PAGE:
|Publication number||US6252510 B1|
|Application number||US 09/333,352|
|Publication date||Jun 26, 2001|
|Filing date||Jun 15, 1999|
|Priority date||Oct 14, 1998|
|Also published as||US6670887, US20010040509, WO2000033066A2, WO2000033066A3, WO2000033066A9|
|Publication number||09333352, 333352, US 6252510 B1, US 6252510B1, US-B1-6252510, US6252510 B1, US6252510B1|
|Original Assignee||Bud Dungan|
|Export Citation||BiBTeX, EndNote, RefMan|
|Patent Citations (7), Non-Patent Citations (5), Referenced by (81), Classifications (13), Legal Events (5)|
|External Links: USPTO, USPTO Assignment, Espacenet|
This application claims the benefit of U.S. Provisional Application No. 60/104,223 filed Oct. 14, 1998 and U.S. Provisional Application No. 60/122,863 filed Mar. 4, 1999.
I. Field of the Invention
This invention relates to the field of gas monitoring. The invention provides a method and apparatus for wireless monitoring of gases, including toxic and combustible gases, with a device that has a radio transmitter that transmits quantitative gas levels to a master controller or multiple master controllers.
II. Description of the Related Art
Toxic gas monitoring systems are well known. Generally, gas monitors are placed around chemical producing facilities such as a chemical processing plant. These monitoring systems are configured to monitor for the presence of toxic and/or combustible chemicals. In addition to monitoring for the presence these chemicals, typically in parts per million or lower explosive limits, these detectors can also detect other important information such as wind speed and direction, temperature and other weather conditions. This information is then relayed to some sort of output system. For instance, the information can be relayed back to the control center of a chemical plant and be displayed on a computer terminal or be comprised in a computer printout.
Conventional toxic gas monitoring systems comprise multiple sensing units. These units are placed around the perimeter of a chemical processing plant, for example, to constantly monitor the conditions around the plant. Upon detection of a toxic gas, usually at a predetermined level, the unit may sound an alarm in addition to relaying the information to the control center. This information can be used, for example, to determine the source of the gas so that an unexpected leak can be corrected. Alternatively, should the plant simply be operating at too high of a capacity and thus be generating too much toxic waste, its operations can be brought to within acceptable tolerances. Additionally, the wind speed, weather conditions and direction of the gas can be used to determine which people need to be warned about the presence of toxic gas and when such a warning should be issued.
Typically, in gas detection systems a master site provides information to a computer. U.S. Pat. Nos. 5,553,094, 5,568,121 and 5,771,004 disclose such systems. U.S. Pat. No. 5,597,534 discloses a circuit that measures a chemical sensor output. Typically, specially designed software is incorporated as well. For example, the Gastronics' Event Scada Software is an unlimited tag Scada software which runs off Windows '95 or Windows NT and is designed for user friendliness along with the ability to customize and map out the geography of a plant. The Event Scada Software offers the user the flexibility to design and customize individual screens to match different applications. An assortment of tools allows the creation of trend charts, wind speed and direction, alarm settings and maintenance screens. A multilevel security feature may be included to prevent unauthorized access to customization functions.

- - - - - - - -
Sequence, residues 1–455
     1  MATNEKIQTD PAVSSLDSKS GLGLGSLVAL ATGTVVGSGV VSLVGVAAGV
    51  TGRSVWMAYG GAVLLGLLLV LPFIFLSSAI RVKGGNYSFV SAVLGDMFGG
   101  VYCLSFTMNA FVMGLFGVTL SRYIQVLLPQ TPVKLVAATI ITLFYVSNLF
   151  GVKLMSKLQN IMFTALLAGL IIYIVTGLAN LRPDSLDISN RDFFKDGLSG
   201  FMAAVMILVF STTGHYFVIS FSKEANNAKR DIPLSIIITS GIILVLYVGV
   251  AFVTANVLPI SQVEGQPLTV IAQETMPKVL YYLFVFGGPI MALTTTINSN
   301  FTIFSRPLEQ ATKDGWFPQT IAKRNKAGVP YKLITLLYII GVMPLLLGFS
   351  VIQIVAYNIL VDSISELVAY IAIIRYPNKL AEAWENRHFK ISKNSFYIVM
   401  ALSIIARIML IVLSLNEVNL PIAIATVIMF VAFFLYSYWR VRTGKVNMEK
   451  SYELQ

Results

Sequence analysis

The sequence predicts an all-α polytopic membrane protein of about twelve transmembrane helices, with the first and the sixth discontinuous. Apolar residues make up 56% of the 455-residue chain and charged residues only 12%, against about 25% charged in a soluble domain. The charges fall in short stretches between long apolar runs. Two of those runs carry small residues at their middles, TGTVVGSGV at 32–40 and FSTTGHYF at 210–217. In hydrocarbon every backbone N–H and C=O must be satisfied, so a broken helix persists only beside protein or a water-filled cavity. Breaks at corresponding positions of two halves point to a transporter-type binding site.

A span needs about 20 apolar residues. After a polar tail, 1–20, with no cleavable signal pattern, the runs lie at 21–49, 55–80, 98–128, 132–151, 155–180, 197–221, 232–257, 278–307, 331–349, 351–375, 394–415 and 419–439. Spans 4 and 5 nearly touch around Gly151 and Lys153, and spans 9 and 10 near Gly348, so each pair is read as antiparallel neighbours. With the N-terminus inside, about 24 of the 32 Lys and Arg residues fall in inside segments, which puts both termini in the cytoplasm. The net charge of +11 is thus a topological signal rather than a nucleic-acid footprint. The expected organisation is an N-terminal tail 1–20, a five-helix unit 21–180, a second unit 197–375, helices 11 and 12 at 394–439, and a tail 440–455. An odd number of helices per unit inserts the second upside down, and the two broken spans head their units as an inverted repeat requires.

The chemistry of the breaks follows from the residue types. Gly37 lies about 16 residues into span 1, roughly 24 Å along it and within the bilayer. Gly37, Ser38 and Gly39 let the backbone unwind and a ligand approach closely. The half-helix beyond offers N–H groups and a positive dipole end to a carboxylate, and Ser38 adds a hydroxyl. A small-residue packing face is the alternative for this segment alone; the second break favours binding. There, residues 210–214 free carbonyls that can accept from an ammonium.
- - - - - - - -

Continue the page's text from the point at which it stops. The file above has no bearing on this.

Currently, the method of relaying this important information from the monitors to the control center has been through wires which physically connect each of the monitors to the output system. This is generally referred to as “hard wiring.” Hard wiring requires each monitor to be physically connected to the output system by some sort of wire or cable. Hard wiring each of the numerous monitors to the control system can be quite costly, cumbersome and require substantial and frequent maintenance. For example, should the output system ever need to be relocated, such as in a different control room or outside of the plant, the cables would need to be rerouted to this new site. Rerouting all of the cables is labor intensive and expensive.
To further complicate matters, the wires may need to be buried in the ground (typically below the frost line) to comply with building code requirements or simply as a precautionary measure. Burying multiple wires in the ground requires substantial excavation which is rarely inexpensive. Similarly, repairing, replacing or moving these wires also requires substantial, expensive excavation.